The secret police jail cell found by human rights lawyers in Manila was widely condemned. Lawmakers and police officials said on Friday they will investigate whether there were more hidden jails that exist in other police stations in the country.
Director Oscar Albayalde, National Capital Region Police Office chief, ordered the relief of Raxabago station commander Supt. Robert Domingo and his staff pending an investigation by the Philippine National Police Internal Affairs Service of their alleged abuses.
“Rest assured that we have in mind the best interest of the community and we will not tolerate any illegal act committed by our policemen,” Albayalde said in a statement.
Acting on a tip, a team from the Commission on Human Rights (CHR) late on Thursday found a dozen men and women packed in a dark, cramped and windowless cell hidden behind a bookshelf at the Tondo police station. The narrow room measured 1 meter by 5 meters with a male urinal at one end.
CHR regional director Gilbert Boisner said the alleged drug suspects’ arrests were not recorded and they allegedly complained of being held for extortion for as much as P200,000 each.
Domingo has denied any wrongdoing, saying he merely used an empty space in his office to detain drug offenders.
CHR chair Chito Gascon slammed Domingo for justifying holding suspects in the squalid cell.
“The antitorture and antienforced disappearance laws specifically prohibit secret detention facilities. The Constitution itself prohibits … cruel and degrading punishment and solitary confinement,” Gascon said.
Duterte: I’ll look into it
President Duterte, who is leading the war on drugs, said he would ask PNP chief, Director General Ronald “Bato” dela Rosa, about the secret jail cell after his talks with visiting Indonesian President Joko Widodo.
“I will look into this after, this afternoon. I will call Bato,” he told reporters before he welcomed Widodo, who is on a state visit to the Philippines.
House Deputy Minority Leader Harry Roque of Kabayan party-list said in a text message to the Inquirer that he wants to investigate the secret jail cell.
“There will be impunity unless these kind of cops are prosecuted for their misdeeds,” he said.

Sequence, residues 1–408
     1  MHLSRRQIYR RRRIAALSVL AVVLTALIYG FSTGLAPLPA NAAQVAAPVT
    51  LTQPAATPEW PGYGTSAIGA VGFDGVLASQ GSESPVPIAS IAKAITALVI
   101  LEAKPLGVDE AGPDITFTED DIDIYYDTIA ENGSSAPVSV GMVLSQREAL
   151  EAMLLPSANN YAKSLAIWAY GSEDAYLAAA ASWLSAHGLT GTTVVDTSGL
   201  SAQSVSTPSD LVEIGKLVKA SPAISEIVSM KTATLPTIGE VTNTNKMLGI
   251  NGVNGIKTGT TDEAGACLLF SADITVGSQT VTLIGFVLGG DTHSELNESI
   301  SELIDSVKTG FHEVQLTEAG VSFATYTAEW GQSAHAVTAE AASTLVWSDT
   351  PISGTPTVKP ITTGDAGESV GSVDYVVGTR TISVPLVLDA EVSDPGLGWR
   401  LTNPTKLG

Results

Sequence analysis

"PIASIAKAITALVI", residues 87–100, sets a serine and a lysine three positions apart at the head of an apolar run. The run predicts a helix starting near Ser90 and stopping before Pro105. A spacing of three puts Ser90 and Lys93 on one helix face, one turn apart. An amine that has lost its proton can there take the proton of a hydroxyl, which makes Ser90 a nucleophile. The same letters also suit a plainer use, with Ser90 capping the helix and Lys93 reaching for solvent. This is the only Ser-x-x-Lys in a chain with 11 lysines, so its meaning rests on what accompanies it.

Opposition Rep. Teddy Baguilat told the Inquirer he will also seek an inquiry.
“This is beyond politics already,” he said.
An ally of the President who heads the House dangerous drugs committee, Surigao del Norte 2nd District Rep. Robert Ace Barbers said Dela Rosa “should start investigating and check all police stations if there are still secret detention cells.”
Former PNP chief, Sen. Panfilo Lacson, said the police should also investigate whether this has happened before. He warned that the government’s gains in the anti-illegal drugs campaign “would be demolished” if there were other similar jail cells.
Sen. Bam Aquino said police officers involved should be punished, “otherwise these abuses will continue and even flourish.”
Instead of winning the war on drugs, such practice by law enforcers would lead to the spread of “police corruption and abuse,” according to Sen. Francis Pangilinan.
Albayalde said Domingo told him the hidden room was “not really a secret” jail cell.
He said that it used to be a “pathway that was closed off” and used as a “temporary staging area while suspects are undergoing booking proceedings.”
Domingo told journalists who accompanied the CHR team on Thursday that the room used to be a waste dump and was converted into a detention cell in a bid to “maximize” space.
Albayalde also said the secret cell highlighted the problem of almost all police stations in the country.
“This is an eye-opener for all of us to revisit the need for better detention cells and improvement of our jail facilities,” he said, adding that courts should speed up the resolution of cases to help decongest jails.
Critics of the President said he was ultimately responsible for the actions of the police officers.
Magdalo Rep. Gary Alejano, who filed an impeachment complaint against Mr. Duterte in March said the “encouragement to kill and tolerance of violations would give rise to impunity in the (police) organization.”
The President’s staunchest opponent, detained Sen. Leila de Lima, said the secret cell “only mirrors the complete breakdown of the rule of law in the country.”
“Once we allowed a mass murderer to take the helm of government and carry out a criminal policy of extrajudicial killings, there is pretty much nothing else that cannot be done with impunity under his regime,” De Lima said in a statement. —WITH REPORTS FROM CHRISTINE O AVENDAÑO, JULIE M. AURELIO, LEILA B. SALAVERRIA, PHILIP C. TUBEZA, JOVIC YEE, DEXTER CABALZA, VINCE F. NONATO, JAYMEE T. GAMIL, AFP, AP AND REUTERS
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